Work, party share complicated relationship

Devoid of context, the phrase “work hard, party hard” may seem to indicate the application of vigor to all things. But this understanding is less plausible when the phrase appears at Yale. In the world outside of Yale, “work” is narrow; it is a designation limited to remunerative, income-generating activity. “Party,” on the other hand, is broad in the world, and extends to various activities with friends, family or even oneself.

In the world, one “works hard” in the sense that one is very diligent in providing for the needs and wants of those for whom he is responsible, and one “parties hard” in the sense that he endeavors to experience the fullness of being. Indeed, that Thoreau went into isolation to “suck the marrow out of life” reveals the breadth of the “party hard” clause.

At Yale, the respective scopes of “work” and “party” are reversed. Work is a broad term referring to a host of academic and extracurricular pursuits, whereas party is a narrow term referring only to social gatherings where drinks are served. It is evident, then, that the phrase “work hard, party hard” — while still conveying the sense of intensity — is very different at Yale.

At this point, one might reject this reflection as a trivial piece of writing on an everyday phrase. Indeed, the phrase seems a commonsensical description of a reality. Yale students do work, in the latter sense, with intensity, and they party the same way. Yet this critique is not of the accuracy of the phrase; the phrase is evidently true. Rather, this critique is of the principle embodied in the phrase.

The principle, on the other hand, is partly chronological and partly teleological. “Work hard, party hard” has a certain chronological wholesomeness because one adhering to its chronology will never go into debt. Yet it also has a chronological emptiness, a meaninglessness realized when the cycle repeats over and over again, when the only thing following “work hard” is “party hard,” and the only thing following “party hard” is “work hard.” Too many live in this cycle, blind to any higher purpose or disbelieving in human mortality, until death snuffs out the triviality and the deception.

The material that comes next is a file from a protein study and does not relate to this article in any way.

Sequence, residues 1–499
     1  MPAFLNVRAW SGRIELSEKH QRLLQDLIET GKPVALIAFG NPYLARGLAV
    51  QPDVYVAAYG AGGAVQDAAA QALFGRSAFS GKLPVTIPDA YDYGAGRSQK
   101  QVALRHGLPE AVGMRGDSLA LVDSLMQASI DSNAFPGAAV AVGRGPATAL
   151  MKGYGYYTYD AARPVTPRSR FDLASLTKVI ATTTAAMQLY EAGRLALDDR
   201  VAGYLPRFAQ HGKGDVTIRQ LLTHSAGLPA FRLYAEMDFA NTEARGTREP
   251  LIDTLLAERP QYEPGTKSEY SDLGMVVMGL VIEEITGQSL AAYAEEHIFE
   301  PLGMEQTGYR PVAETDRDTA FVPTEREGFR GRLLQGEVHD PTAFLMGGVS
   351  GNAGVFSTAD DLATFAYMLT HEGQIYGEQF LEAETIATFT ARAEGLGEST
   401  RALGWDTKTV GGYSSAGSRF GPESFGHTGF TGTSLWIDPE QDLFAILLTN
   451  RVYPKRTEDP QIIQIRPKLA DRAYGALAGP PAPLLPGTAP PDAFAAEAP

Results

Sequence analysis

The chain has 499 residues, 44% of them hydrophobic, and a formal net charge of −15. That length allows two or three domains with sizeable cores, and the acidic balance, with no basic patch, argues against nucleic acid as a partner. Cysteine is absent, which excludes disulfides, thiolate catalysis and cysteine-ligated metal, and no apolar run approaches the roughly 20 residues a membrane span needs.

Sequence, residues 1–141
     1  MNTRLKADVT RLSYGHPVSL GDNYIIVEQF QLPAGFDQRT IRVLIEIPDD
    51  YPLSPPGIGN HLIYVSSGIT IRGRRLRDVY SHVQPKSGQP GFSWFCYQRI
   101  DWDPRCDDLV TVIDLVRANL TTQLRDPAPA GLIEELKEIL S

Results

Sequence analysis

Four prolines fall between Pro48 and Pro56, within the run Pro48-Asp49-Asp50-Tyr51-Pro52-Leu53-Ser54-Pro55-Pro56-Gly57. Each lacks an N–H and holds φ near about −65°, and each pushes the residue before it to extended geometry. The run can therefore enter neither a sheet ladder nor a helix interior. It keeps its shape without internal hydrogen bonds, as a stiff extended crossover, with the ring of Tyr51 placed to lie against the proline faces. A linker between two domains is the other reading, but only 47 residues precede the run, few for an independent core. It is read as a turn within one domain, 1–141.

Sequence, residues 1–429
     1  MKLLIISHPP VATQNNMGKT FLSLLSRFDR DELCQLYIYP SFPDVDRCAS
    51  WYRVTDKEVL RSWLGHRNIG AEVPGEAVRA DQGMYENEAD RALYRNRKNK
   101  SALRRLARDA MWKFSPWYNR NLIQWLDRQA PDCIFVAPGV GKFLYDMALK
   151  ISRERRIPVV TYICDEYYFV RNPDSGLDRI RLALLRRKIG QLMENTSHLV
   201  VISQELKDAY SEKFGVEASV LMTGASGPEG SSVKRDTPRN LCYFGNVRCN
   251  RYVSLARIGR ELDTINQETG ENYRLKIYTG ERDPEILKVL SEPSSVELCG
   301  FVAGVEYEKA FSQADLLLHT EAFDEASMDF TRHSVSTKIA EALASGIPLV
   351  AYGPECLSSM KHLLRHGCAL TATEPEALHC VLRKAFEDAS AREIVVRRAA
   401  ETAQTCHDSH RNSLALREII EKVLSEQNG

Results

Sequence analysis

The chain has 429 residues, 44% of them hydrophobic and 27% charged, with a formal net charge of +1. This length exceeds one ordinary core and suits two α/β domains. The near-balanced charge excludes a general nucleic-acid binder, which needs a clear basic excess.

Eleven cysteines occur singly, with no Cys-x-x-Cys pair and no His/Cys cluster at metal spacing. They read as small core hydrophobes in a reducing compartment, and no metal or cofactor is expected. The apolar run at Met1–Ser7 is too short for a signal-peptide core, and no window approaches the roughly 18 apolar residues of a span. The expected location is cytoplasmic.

The principle is also teleological. “Work hard, party hard” implies that the reason for which one works hard is so that he can party hard. And the way in which Yalies party is destructive of the order of the human soul, and thereby destructive of the value that the ordering invests in the soul. Thus, any value that had been created by working hard is destroyed by the disordering of the characteristic experience of partying hard.

These chronological and teleological critiques combine to define this principle of entropic nihilism. The phrase is both chronologically cyclical and teleologically suited to disorder. The principle is nihilistic because the phrase is both chronologically redundant and teleologically without a higher purpose.

Though this critique has gleaned the principle of entropic nihilism from the “work hard, party hard” phrase at Yale, once identified, the principle is evidently at work elsewhere. The principle is at work in the shift of the American Left from equality as an end to individual autonomy as an end. The principle is at work in the shift of the American right from an emphasis on opportunity to a nativism that restricts opportunity.

Most imminent for those at Yale is the fact that this principle undermines the purposes of the University. Since its founding, this institution has clung to lofty goals for progress in the world. Though these goals are now secular, they still share the conviction that progress is not inevitable, but possible through the creative power of man. The principle of entropic nihilism eats away at the nature of the university, for it rejects any activity that is either important or progressive. No university that lacks the means of its own preservation can advance.

The principle of entropic nihilism, then, needs to be replaced by a principle of constructive value. Just as nature’s God has endowed each human with value by creating a moral order, so too do humans create great value when they create a cultural order. Thus they can fulfill the great task of humanity, to fill the earth with a rich cultural order, confirming their own creation and nature as that of the image of God.

In conclusion, then, with a new principle, a new phrase is needed. The phrase cannot be descriptive, for a new reality has yet to appear. Rather, the phrase must be an admonition, a method of accountability by which humans stir each other to a paradigm of constructive value. I suggest “Work steady, party ready.”

Peter Johnston is a sophomore in Saybrook College.

Comments